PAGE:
Wednesday, 15 May 2013

If you haven’t heard about bone broth before, you are about to now.  It is another great food that I discovered since I started the Paleo lifestyle.  Besides being incredibly healthy, it is almost like drinking gravy (but you aren’t!) without the fat and carbs.  Besides bacon, what could be easier to add to your diet?

Broth (or stock) is a highly nutrient dense food – it is an excellent source of minerals and is known to boost the immune system and improve digestion. It’s high in calcium, magnesium and phosphorus and supports your joints, hair, skin and nails due to its high collagen content. I’ve read that it helps eliminate cellulite as it supports smooth connective tissue – bonus!

I think the Paleo Mom explains it well:  “Glycine and proline are two key components of connective tissue, the biological “glue” that holds our bodies together. There are many types of connective tissue and these two amino acids feature prominently in most of them, from the cartilage that forms our joints to the extracellular matrix that acts as a scaffold for the cells in our individual organs, muscles, arteries etc. Without these two amino acids, we would literally fall apart. So, it is no surprise that we need these two amino acids to heal, not only gaping wounds, but also the microscopic damage done to blood vessels and other tissues in our body caused by inflammation and infection. In fact, glycine is known to inhibit the immune system and reduce activation of inflammatory cells in your body.

In addition, glycine is required for synthesis of DNA, RNA and many proteins in the body. As such, it plays extensive roles in digestive health, proper functioning of the nervous system and in wound healing. Glycine aids digestion by helping to regulate the synthesis and of bile salts and secretion of gastric acid. It is involved in detoxification and is required for production of glutathione, an important antioxidant. Glycine helps regulate blood sugar levels by controlling gluconeogenesis (the manufacture of glucose from proteins in the liver). Glycine also enhances muscle repair/growth by increasing levels of creatine and regulating Human Growth Hormone secretion from the pituitary gland. This wonderful amino acid is also critical for healthy functioning of the central nervous system. In the brain, it inhibits excitatory neurotransmitters, thus producing a calming effect. Glycine is also converted into the neurotransmitter serine, which promotes mental alertness, improves memory, boosts mood, and reduces stress.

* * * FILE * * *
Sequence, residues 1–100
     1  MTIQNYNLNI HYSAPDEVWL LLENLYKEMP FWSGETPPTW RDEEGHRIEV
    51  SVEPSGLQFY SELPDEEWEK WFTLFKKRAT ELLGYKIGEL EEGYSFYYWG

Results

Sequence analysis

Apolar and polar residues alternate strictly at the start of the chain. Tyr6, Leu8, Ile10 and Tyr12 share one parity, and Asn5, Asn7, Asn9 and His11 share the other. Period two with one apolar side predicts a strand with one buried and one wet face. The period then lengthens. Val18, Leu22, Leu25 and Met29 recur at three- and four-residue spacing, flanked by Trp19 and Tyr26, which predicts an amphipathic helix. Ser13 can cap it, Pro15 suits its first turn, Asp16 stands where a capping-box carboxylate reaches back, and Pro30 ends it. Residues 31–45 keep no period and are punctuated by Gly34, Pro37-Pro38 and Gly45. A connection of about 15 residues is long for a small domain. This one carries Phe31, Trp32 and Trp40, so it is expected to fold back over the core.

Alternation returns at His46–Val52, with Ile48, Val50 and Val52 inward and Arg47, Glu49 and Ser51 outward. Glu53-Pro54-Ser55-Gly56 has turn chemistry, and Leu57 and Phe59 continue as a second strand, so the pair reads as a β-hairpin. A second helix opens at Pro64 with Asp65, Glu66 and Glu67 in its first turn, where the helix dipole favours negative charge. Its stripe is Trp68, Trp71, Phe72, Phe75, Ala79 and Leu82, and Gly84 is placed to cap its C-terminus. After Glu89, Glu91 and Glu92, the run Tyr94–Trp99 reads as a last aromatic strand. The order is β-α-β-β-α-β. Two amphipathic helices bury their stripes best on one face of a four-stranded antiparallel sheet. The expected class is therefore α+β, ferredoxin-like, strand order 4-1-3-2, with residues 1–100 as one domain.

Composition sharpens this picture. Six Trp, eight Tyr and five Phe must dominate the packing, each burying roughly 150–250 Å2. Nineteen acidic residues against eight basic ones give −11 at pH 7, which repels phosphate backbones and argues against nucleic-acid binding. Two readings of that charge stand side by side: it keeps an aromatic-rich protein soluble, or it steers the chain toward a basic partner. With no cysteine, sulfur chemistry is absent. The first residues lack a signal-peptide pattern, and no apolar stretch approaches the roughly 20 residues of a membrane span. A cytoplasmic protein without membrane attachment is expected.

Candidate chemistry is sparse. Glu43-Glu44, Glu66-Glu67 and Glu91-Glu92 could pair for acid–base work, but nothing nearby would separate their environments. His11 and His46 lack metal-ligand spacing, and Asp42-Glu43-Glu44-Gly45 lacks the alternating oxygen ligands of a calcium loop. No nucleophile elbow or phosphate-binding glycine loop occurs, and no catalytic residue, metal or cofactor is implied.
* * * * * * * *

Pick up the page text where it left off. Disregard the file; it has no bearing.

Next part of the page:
Proline has an additional role in reversing atherosclerotic deposits. It enables the blood vessel walls to release cholesterol buildups into your blood stream, decreasing the size of potential blockages in your heart and the surrounding blood vessels. Proline also helps your body break down proteins for use in creating new, healthy muscle cells.

Now, let’s be clear: proline and glycine are not technically essential amino acids. Your body can actually make them if it needs more than is supplied by your diet. But building our own amino acids is much less efficient than consuming them from foods, and scientists believe that we probably can’t make proline or glycine efficiently enough to keep up with our body’s demand in the absence of dietary sources. And while meat of all kinds does supply both of these amino acids, you just can’t beat the quantity or absorbability of proline and glycine in bone broth, hence bone broth’s superfood status.”

Bone broth can be made from any kind of bones – chicken, turkey, beef, veal, duck or bison even.  My favourite is made from chicken to turkey bones.  I cut the backbone out of whole chickens before I roast them flat, and freeze the backbones until I have half a dozen or so.  I also save the carcasses from roast chicken (free range) or turkey and freeze those too.

When I have enough bones to fill a large slow-cooker, I dump them (frozen) into the crockpot, cover them with water and add two (2) tablespoons of apple cider vinegar and put the lid on. 
The vinegar helps leach all the minerals out of the bones.  My crockpot allows me to set the timer for a maximum of 20 hours, so I put it on at night and leave it on overnight – the whole house smells like really good gravy.

Paleo Grandad is home so, the next day around noon when the timer on the crockpot goes off, he resets the crockpot for another four hours.  By that time I am home from work and I strain the broth into a large bowl, cover it with plastic wrap and refrigerate it until the fat has hardened on the top.  Remove the fat but don’t throw it away – chicken fat is a good Paleo fat and can be used for cooking other good Paleo food.

Paleo Grandad wants it to make bird suet blocks, but I think there is something really weird about birds eating birds – like little cannibals – yuck.

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